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Posted on January 28, 2014 by|
They’re just not. I’ve played games like America’s Army and Arma II and while they do have many realistic elements, they’re not simulations or at least not very good ones. More to the point, they never will be.
You see, games are cartoony and unrealistic, it’s just a given. Many of them may have realistic looking visuals but in terms of their feel and what you can get away with, they’re completely absurd.
Yet, many of these exaggerated games have the ability to be immersive. I found myself getting lost in games like Far Cry, Mass Effect and Max Payne. All of these games have things that in the real world, make no sense whatsoever.
Fixing broken bones by snapping them back into place, magically recharging health by sitting on your ass and leaping through windows and down stairs without a flinch.
When you look at them from a completely logical view point, games are stupid and you would expect that. They’re not meant to re-create the world we live in because we already live in that world. We want to explore new places and get lost in these environments we’ll never actually get to see with our own eyes.
However, many developers believe that by adding realistic elements to their games that it will make for a more immersive and they do have a point. By seeing things that we have ourselves, it helps us connect and relate.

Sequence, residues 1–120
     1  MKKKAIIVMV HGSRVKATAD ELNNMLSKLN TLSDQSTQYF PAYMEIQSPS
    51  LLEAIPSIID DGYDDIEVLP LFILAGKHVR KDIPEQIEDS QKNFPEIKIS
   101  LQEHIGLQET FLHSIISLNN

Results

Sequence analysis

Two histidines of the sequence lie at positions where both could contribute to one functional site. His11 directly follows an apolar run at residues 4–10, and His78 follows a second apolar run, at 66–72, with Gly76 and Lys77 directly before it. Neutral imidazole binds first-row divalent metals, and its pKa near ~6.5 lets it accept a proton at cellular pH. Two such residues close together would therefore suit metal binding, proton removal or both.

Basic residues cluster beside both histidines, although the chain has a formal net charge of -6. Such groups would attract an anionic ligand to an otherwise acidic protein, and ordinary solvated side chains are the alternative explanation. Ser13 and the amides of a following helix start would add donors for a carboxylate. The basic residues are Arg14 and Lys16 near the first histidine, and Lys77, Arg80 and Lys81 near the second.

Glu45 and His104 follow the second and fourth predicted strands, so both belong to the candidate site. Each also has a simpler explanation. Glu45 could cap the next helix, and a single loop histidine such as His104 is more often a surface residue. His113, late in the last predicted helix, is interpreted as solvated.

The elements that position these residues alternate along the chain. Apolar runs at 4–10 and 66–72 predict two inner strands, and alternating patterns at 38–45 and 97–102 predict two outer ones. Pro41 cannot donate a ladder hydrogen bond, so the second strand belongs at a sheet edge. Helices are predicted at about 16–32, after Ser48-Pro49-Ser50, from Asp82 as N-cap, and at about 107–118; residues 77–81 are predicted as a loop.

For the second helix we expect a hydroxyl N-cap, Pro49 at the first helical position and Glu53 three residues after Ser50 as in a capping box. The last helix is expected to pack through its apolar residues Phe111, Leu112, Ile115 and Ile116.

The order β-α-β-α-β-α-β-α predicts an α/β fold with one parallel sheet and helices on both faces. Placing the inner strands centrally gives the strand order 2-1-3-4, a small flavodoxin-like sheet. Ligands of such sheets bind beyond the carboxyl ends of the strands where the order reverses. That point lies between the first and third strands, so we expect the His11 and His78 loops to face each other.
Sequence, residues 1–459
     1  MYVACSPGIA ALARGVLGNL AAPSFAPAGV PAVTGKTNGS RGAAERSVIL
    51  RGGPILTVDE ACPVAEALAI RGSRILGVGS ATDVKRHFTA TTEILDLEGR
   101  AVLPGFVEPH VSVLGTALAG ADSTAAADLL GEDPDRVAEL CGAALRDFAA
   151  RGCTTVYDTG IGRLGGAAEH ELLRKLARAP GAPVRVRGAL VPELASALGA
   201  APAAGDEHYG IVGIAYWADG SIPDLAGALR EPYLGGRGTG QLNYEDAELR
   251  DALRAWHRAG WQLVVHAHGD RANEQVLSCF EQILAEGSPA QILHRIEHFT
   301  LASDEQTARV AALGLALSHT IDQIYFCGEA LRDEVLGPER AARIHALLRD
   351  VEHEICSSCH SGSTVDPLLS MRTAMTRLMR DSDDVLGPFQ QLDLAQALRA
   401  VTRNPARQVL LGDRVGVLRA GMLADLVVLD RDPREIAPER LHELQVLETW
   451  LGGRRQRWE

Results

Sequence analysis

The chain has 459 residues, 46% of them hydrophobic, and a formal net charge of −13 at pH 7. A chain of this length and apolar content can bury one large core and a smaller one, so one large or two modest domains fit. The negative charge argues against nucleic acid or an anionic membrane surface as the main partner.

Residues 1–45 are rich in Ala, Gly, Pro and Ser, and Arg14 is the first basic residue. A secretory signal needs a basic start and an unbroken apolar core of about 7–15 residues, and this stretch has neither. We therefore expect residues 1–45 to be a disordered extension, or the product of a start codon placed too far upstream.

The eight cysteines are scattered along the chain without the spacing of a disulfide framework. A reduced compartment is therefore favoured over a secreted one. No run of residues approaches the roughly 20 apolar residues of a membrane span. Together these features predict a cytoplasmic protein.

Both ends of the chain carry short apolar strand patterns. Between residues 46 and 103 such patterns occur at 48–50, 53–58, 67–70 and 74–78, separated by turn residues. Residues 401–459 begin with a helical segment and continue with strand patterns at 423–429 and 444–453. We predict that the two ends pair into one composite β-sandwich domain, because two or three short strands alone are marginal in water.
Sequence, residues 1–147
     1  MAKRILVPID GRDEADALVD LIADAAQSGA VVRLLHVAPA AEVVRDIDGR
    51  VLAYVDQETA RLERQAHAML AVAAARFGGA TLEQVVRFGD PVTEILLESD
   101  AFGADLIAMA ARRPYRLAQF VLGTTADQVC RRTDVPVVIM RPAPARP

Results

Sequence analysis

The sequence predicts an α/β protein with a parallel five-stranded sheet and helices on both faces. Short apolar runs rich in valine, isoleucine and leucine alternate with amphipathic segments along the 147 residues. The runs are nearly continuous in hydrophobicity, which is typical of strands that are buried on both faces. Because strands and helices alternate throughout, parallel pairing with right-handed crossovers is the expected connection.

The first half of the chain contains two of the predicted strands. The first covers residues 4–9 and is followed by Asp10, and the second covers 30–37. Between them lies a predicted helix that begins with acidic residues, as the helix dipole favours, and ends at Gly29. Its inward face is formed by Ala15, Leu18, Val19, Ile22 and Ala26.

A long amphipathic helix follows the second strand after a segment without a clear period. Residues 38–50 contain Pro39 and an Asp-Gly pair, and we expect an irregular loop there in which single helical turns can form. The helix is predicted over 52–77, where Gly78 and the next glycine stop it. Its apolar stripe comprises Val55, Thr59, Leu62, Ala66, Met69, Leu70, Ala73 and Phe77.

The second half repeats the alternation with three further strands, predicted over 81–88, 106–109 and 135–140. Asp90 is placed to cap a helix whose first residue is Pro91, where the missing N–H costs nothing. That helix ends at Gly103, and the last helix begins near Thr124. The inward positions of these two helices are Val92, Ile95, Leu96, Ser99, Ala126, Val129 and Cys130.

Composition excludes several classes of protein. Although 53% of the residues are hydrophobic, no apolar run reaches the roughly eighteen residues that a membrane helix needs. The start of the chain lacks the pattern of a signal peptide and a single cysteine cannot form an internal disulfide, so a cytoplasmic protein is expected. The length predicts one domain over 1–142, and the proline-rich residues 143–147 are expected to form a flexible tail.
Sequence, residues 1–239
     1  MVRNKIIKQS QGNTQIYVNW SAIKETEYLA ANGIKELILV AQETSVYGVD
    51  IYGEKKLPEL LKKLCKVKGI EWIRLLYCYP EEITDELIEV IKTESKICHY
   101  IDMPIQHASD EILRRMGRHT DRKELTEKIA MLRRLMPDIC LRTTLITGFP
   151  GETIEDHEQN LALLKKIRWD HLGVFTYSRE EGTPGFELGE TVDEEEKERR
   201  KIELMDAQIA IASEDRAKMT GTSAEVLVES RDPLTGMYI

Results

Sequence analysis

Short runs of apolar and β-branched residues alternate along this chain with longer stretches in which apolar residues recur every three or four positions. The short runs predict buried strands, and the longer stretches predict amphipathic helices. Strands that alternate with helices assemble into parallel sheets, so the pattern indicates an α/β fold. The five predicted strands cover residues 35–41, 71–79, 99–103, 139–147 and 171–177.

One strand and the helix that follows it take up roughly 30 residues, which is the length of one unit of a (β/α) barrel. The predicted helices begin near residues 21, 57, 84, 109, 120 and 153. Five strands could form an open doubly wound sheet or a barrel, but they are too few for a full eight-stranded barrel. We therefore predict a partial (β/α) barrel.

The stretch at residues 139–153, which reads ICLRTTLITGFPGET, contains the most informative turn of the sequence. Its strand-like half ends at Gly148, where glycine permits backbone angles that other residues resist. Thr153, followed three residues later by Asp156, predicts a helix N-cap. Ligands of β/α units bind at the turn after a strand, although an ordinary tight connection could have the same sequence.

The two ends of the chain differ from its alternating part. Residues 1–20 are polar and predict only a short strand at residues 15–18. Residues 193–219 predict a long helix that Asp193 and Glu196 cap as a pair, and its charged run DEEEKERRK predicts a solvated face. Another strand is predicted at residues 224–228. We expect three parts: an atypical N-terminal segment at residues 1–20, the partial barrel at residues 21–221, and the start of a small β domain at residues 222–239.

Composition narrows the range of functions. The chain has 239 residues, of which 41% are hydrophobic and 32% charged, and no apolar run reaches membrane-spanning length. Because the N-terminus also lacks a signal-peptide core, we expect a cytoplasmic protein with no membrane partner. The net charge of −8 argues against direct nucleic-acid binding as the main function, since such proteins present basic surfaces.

You would think then that simulators, games that are trying to make you feel what it’s really like to perform these activities, would make for the most immersive games.
Yet, Arma II is easily one of the most un-immersive games I’ve ever played. From the jerky animations to the robotic sounding voices and combat scenarios that no soldier has ever actually faced themselves with, it does a very poor job of bringing the player into that world.
One of the key things I’ve seen in immersive games, is that they don’t in any way interrupt the player. Speaking of Far Cry, one of my complaints is that they didn’t carry over the map from Far Cry 2 that was in-game.
Sure, it didn’t make sense that a piece of brown paper you held had a real time heads up display but it never interrupted the gameplay. Whenever you brought up the map, you were still in that world.
Recently I’ve been playing games like Red Orchestra and Insurgency and while they do have some problems, one thing they get right, is being able to add realistic elements without getting in the way of gameplay.
As a result, even though a game like Arma may be a more accurate depiction of the military than Insurgency, the latter feels more real. It’s not even restricted to shooters. Need for Speed: Shift 2 may be exaggerated but because of that, it gets closer to the real intensity of racing than any simulator from Simbin.
The reason that simulators don’t really appeal to me is that in sight of trying to be real, all they do is highlight they’re not.
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